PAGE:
Loadmasters help reposition Australian Defense Forces

  • Published
  • By Tech. Sgt. Shane A. Cuomo
  • Air Force Print News
The U.S. Pacific Command is using its new strategic airlift capability to help the Australian Defense Force. At the request of the Australian Government two C-17 Globemaster III’s from Hickam Air Force Base, Hawaii are moving equipment and troops from the Solomon Islands back to Australia. This will help Australia position its forces to respond more rapidly to unrest in neighboring East Timor.

Although the C-17’s are doing the flying the biggest part of the mission is the loading and unloading of passengers and cargo.

“Basically, we’re in charge of passenger safety, we’re in charge of ensuring the cargo is loaded correctly, and that the weight and balance is correct so that the aircraft will fly safely.” said Master Sgt. Mike Cumberland a loadmaster from the 535th Airlift Squadron.

“Weight and balance, input incorrectly, can cause an aircraft to crash, so we have a tremendous responsibility on our shoulders,” he said.

In the flying career field for enlisted Air Force members training and qualifications are a top priority. One of the unique qualities is that Chief Master Sgt.s and Airman straight out of tech school are all qualified and operate at the same level.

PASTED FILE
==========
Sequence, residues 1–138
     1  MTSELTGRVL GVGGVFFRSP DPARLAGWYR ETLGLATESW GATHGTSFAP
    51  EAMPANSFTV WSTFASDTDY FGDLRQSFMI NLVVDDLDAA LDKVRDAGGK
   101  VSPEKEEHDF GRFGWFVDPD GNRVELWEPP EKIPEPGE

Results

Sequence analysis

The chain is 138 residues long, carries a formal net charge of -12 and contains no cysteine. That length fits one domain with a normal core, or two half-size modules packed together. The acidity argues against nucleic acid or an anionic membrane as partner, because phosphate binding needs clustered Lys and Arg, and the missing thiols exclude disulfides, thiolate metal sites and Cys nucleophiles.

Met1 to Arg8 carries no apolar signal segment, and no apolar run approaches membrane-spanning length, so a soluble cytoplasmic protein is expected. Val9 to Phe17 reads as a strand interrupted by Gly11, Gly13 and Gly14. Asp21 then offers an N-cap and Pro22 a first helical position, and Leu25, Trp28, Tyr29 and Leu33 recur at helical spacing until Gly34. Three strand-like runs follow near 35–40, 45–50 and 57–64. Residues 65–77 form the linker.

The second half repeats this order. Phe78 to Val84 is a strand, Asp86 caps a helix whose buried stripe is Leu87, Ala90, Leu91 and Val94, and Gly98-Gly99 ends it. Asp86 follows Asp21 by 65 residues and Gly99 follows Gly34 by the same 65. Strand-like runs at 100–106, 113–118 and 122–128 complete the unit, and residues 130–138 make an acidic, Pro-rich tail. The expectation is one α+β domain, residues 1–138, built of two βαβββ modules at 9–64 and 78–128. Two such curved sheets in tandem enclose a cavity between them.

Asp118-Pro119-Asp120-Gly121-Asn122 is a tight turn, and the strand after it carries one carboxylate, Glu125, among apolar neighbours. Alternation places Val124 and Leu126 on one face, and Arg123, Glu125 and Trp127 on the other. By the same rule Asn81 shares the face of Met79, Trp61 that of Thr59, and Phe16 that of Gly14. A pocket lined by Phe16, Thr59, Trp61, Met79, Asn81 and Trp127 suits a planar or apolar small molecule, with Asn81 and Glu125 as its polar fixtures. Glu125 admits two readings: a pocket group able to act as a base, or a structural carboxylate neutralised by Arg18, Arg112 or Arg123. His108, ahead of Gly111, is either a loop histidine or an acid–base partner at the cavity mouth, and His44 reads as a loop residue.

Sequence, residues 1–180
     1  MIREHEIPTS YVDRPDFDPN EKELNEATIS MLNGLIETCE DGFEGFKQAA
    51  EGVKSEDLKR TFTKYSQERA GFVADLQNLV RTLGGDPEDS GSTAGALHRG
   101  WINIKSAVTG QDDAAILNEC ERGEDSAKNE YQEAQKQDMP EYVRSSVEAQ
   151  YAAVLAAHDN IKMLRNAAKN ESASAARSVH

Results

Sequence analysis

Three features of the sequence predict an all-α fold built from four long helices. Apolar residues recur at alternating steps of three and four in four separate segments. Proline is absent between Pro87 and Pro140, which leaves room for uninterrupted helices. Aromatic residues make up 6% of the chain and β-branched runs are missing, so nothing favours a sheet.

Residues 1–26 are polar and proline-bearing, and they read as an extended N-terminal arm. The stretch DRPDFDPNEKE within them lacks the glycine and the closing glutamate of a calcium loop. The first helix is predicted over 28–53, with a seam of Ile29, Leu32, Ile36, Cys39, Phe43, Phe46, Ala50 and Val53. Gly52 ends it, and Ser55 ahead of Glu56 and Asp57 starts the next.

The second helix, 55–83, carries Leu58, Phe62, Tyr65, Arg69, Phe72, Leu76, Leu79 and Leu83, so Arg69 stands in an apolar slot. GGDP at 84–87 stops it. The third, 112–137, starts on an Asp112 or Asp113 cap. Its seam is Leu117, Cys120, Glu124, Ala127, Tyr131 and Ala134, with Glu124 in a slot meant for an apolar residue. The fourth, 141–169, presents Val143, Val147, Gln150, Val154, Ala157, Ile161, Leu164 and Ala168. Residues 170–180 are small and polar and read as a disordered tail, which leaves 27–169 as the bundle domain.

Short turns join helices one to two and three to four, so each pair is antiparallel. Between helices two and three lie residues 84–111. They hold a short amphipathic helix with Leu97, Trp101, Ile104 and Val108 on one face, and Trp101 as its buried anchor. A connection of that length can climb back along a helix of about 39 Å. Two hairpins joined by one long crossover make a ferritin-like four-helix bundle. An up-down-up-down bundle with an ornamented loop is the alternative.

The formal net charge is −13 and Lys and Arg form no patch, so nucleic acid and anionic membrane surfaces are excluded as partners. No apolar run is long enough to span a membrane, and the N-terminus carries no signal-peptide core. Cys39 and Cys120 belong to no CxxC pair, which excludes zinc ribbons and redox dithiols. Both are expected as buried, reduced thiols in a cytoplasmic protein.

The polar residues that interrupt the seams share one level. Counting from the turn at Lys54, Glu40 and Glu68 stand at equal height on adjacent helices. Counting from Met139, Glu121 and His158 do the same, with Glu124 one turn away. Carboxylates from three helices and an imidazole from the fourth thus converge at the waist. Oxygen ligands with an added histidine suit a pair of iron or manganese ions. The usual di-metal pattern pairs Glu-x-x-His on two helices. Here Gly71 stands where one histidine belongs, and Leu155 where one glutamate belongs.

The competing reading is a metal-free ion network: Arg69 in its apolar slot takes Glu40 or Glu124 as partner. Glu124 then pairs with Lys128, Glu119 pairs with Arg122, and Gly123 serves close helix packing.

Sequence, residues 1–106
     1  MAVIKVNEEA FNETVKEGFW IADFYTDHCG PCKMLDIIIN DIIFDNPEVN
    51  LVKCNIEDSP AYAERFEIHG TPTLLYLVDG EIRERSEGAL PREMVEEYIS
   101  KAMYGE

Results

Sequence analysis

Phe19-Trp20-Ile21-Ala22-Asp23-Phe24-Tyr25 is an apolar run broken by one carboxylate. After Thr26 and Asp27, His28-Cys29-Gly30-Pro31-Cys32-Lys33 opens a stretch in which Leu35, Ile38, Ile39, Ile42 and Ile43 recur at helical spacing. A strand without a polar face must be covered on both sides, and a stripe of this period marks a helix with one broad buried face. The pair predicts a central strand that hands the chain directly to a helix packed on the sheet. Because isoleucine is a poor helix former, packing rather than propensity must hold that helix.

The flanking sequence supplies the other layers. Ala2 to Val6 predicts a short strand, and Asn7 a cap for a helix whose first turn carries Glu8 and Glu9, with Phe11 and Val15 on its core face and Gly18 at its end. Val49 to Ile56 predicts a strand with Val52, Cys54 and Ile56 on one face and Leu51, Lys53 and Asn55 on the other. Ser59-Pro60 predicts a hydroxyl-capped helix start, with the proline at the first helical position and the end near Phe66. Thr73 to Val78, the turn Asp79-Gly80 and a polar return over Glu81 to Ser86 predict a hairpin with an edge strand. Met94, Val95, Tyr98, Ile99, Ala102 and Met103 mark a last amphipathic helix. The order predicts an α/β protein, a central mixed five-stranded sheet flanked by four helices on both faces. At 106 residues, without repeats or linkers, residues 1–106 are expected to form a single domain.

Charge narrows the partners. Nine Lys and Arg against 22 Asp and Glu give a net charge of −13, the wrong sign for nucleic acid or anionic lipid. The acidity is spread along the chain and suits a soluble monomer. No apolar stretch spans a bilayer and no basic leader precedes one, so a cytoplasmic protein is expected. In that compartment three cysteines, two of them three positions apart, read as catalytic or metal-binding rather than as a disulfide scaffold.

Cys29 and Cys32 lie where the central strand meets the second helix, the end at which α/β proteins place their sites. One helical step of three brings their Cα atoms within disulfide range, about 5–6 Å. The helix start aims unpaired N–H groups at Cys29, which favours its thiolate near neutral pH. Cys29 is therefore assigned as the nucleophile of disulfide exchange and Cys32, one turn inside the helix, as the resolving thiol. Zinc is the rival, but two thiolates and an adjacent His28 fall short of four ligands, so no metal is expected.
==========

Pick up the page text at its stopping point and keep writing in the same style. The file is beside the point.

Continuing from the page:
“It is experience where it all comes in,” said MSgt Cumberland. “It’s techniques that you pass on down the line later, things you run into, things you’ve seen, a faster way of doing things and safely,” he said

With a full tank of fuel the C-17 can carry about 165,000 pounds of cargo and passengers. With its flexibility the C-17 can get to just about any airfield in the world and transport just about anything in the U.S. or other country’s Department of Defense. So far Trek 21, the call sign for one of Hickam’s C-17’s, has hauled approximately 100,000 pounds for the Australians.

“Being a loadmaster is great. There’s a lot of responsibility in it, there’s a lot of travel, transporting the troops and cargo – it’s very satisfying to be able to get everything in the plane on time and take off on time and just get things done,” said Airman James Ngo a loadmaster from the 535th Airlift Squadron.